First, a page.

A girl holds a US and a Chinese flag during the arrival ceremony for China's President Xi Jinping and first lady Madame Peng Liyuan at the White House in September, 2015.

A girl holds a US and a Chinese flag during the arrival ceremony for China's President Xi Jinping and first lady Madame Peng Liyuan at the White House in September, 2015.

Credit:

Jonathan Ernst/ Reuters

It's tough to make predictions, especially about the future. (Thanks for that, Yogi Berra.) And it's easy to be anxious, as a global power. Americans have excelled at it, over time.

"Shortly after the founding of the Massachusetts Bay colony in the 17th century, some Puritans lamented a decline from earlier virtue," writes Joseph Nye, a Harvard Distinguished Service professor and former dean of Harvard's Kennedy School of Government, in his book 'Is the American Century Over?.'

"In the 18th century, the founding fathers focused on the history of Rome, and worried about the decline of the new American republic. In the 19th century, Charles Dickens observed that if you listen to its citizens, America always 'is depressed, and always is stagnated, and always is in an alarming crisis, and never was otherwise.'"

Even going into what Nye dates as the beginning of the American Century, in World War II, publisher Henry Luce wrote an essay trying to rouse Americans to take up the mantle of global leadership.

“We Americans are unhappy," he wrote. "We are not happy about America. We are not happy about ourselves in relation to America. We are nervous, or gloomy, apathetic. As we look out at the rest of the world, we are confused; we don’t know what to do.”

If any of that sounds like it could have come out of the mouths of current-day pundits, politicians and presidential candidates, it's because it has. China's economic rise has looked impressive, even intimidating from a distance. Its rise as a global power, eventually eclipsing the United States if it hasn't already, is taken as a given by a plurality of people surveyed in 40 countries by the Pew Research Center this spring.

But a rise is rarely linear, nor without its challenges, and China, with its slowing economy and other problems at home, is already finding its share. Meanwhile, Nye says, the United States has more resilience and reserves — and not just of the economic kind — than many Americans, and outside observers, are acknowledging. He argues that America, for all its stumbles with the Iraq War, and Abu Grahib, and greedy investment banks causing the global financial crisis, and the widespread Internet surveillance revealed by Edward Snowden, still has significant soft power — the power to attract — and what he calls smart power, a finesse with using soft power and hard power (military, economic) in ways that reinforce each other.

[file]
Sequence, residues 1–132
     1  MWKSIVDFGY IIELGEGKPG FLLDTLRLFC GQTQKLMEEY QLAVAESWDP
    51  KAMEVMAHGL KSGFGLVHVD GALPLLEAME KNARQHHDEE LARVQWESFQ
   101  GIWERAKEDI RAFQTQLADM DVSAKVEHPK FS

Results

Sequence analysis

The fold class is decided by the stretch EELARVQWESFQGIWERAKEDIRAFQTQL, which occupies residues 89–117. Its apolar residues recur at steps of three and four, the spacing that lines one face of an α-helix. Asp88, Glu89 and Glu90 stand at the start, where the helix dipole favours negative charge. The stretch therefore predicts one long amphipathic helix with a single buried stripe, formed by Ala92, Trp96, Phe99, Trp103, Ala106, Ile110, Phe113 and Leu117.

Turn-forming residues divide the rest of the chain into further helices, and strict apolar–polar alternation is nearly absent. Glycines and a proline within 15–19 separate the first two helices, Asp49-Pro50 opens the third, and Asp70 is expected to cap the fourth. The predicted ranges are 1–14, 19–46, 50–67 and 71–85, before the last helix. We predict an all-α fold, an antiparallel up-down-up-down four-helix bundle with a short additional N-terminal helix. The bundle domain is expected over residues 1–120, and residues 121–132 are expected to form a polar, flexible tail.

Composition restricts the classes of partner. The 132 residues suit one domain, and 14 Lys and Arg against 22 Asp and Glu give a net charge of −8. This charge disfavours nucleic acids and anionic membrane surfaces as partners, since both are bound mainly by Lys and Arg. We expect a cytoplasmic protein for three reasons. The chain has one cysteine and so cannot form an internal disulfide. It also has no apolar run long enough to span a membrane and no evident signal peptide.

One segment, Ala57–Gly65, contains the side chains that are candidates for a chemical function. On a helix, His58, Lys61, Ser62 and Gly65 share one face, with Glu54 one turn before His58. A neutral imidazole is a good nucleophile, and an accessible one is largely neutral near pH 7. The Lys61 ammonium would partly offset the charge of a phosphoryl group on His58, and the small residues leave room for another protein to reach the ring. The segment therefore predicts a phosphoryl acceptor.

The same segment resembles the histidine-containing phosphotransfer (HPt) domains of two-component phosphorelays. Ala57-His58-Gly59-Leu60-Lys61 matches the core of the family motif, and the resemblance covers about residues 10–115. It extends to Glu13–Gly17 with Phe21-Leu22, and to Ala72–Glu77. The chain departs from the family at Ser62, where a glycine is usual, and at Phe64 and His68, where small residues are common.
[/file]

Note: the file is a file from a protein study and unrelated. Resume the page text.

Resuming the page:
Even on demographics, where China would seem to have the obvious edge, Nye says, the US is actually more resilient, because immigrants keep coming here, some to attend the world's top universities, some to work their way up from the bottom. China, by contrast, takes in few immigrants, and its population is aging fast. Right now, the US population is one-fourth of China's. By the end of this century, some demographers say, it will be half of China's. Why? Because, the theory goes, the US will keep drawing immigrants, and China's population will contract.

And this is not a binary consideration. India is growing fast. Many African countries have found a way forward. If the United States wants to continue to be a global leader, Nye says, it needs to find a way to accommodate the rise of the rest, while maintaining its unique soft power edge.

That's in contrast to a certain narrative going around in the Republican presidential debates, that the United States is weak, and needs to project more military might to retain international respect.

Joe Nye, a former Assistant Secretary of Defense for International Security Affairs, wouldn't say no — he'd just say, that's neither the only thing that matters, nor necessarily the most important.

Smart power trumps brute force. And sometimes, he says, the smartest strategy is to use your soft power — the power to attract. You need only look at cheering crowds and saturation media coverage Pope Francis got while he was in the United States, compared with the more subdued popular reception for Chinese leader Xi Jinping. China matters, and will matter, but soft power is the wild card, both for China and for the United States, as the century unfolds.

For more:

Xi Jinping’s Seattle speech:

People’s Daily video of foreigners praising Xi:

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